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Blockchain Security

Bitcoin Halving 2024: What Are the Security Implications?


Rob Behnke

April 19th, 2024

In April 2023, the Bitcoin network experienced an event called the “Bitcoin halving” or “the halvening”. The Bictoin halving is when the block rewards paid to Bitcoin miners are cut in half and the event occurs roughly every four years. The halving process is baked into the Bitcoin protocol and codebase and is designed to make Bitcoin a deflationary currency and ensure that it sticks to its intended cap of 21 million Bitcoin.

In general, the halving event is highly anticipated since it historically has a positive impact on Bitcoin’s price. Each Bitcoin halving in the past has caused a jump in price, both in the run-up to it and afterward.

However, the Bitcoin halving isn’t necessarily good for everyone. The miners who rely on block rewards to make their operations profitable can be hit hard by the halving, which may have significant impacts on Bitcoin security.

Proof of Work and the Bitcoin Halving / Halvening

The Bitcoin blockchain uses the Proof of Work (PoW) consensus algorithm to ensure the security of its digital ledger. With PoW, the hash of each block on the blockchain is required to fall below a particular threshold.

Since hash functions are unpredictable, the only way to find valid blocks is through a brute force search of the possibilities. Bitcoin block headers contain a nonce value that is under miners’ control and can be used to manipulate the block hash to meet the threshold requirement.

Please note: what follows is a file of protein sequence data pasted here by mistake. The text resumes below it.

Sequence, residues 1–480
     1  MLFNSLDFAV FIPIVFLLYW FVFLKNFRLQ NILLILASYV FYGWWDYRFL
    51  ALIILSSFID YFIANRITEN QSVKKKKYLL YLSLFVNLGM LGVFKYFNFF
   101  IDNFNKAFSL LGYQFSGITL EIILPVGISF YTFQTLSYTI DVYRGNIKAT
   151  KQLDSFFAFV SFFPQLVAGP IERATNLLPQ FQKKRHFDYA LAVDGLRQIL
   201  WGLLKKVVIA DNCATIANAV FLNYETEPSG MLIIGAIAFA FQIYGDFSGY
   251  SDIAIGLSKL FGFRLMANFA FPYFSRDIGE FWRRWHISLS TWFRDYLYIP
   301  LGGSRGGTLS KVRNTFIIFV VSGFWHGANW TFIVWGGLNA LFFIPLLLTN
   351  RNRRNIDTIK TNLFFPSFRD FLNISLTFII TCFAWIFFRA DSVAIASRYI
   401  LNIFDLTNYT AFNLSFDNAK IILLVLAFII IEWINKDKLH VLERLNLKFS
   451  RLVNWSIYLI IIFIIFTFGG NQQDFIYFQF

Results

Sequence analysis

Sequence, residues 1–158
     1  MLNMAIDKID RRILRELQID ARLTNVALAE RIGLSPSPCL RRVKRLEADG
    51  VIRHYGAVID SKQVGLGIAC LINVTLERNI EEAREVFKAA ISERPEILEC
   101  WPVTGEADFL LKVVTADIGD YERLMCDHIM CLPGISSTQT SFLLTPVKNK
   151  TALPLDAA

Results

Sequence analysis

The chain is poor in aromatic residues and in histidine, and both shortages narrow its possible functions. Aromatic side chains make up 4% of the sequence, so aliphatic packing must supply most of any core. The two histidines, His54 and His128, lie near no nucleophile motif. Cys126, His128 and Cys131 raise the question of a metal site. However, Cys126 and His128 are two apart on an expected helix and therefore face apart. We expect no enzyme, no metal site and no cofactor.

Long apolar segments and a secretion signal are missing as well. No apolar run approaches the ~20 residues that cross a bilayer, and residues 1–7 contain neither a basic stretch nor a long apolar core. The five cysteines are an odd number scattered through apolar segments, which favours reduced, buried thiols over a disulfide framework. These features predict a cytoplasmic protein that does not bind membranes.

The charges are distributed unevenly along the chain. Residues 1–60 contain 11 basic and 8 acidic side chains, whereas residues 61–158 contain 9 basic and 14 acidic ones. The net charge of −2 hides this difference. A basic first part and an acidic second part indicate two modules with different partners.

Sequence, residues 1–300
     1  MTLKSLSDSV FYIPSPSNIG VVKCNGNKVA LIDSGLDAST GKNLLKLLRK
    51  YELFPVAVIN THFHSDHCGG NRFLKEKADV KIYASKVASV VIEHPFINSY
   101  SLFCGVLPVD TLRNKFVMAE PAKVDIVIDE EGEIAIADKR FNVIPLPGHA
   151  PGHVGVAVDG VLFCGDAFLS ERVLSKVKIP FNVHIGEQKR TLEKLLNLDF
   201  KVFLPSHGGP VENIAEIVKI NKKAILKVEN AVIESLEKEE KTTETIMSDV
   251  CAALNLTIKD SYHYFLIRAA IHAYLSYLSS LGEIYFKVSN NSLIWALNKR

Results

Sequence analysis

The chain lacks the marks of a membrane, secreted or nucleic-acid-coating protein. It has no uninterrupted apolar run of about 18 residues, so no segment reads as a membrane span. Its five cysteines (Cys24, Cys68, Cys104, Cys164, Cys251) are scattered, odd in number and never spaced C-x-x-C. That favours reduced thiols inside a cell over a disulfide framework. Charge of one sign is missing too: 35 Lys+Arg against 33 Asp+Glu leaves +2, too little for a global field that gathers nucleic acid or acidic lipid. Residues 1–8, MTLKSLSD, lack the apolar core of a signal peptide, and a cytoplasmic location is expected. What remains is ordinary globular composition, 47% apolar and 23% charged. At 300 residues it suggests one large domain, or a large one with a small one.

However, this process takes a lot of computational power to complete, making it expensive. To compensate miners for their efforts, Bitcoin and other blockchains include a block reward, which is a set minimum amount of crypto that they can award themselves for finding a valid block. In addition to these block rewards, the Bitcoin miners also receive the transaction fees associated with the transactions included in their block.

Over time, the Bitcoin network is designed to operate almost exclusively on transaction fees, with the block rewards decreasing to near zero. This is implemented by cutting the block reward in half every 210,000 blocks, which comes out to about four years with Bitcoin’s ten-minute average block interval.

The Bitcoin Halving is the point where this decrease in the block reward occurs. The next halving is expected to occur on or around April 20, 2024.

The Bitcoin Halving’s Effects on Bitcoin Miners

Rewarding miners for their efforts is a core component of Bitcoin’s decentralized model. However, maintaining the 21 million target cap for the Bitcoin supply means that Bitcoin can’t infinitely continue to be created out of thin air as block rewards. The Bitcoin halving process creates a slow decay in block rewards that eventually ends with a total supply of 21 million around 2140.

However, while the halvening is good for Bitcoin’s supply — and the price of Bitcoin in general — it does have potential security implications. Most of these center around block rewards’ role in covering Bitcoin miners’ expenses.

Many Bitcoin miners only do so if it is profitable. If the costs of mining — infrastructure, power, network connectivity, etc. — are outweighed by the value of the block rewards that they earn, then they mine. If costs exceed rewards, then they stop mining. This is one factor behind the constant variations in the Bitcoin hashrate. As some miners stop mining, the hashrate changes, which makes earning rewards easier and attracts new miners.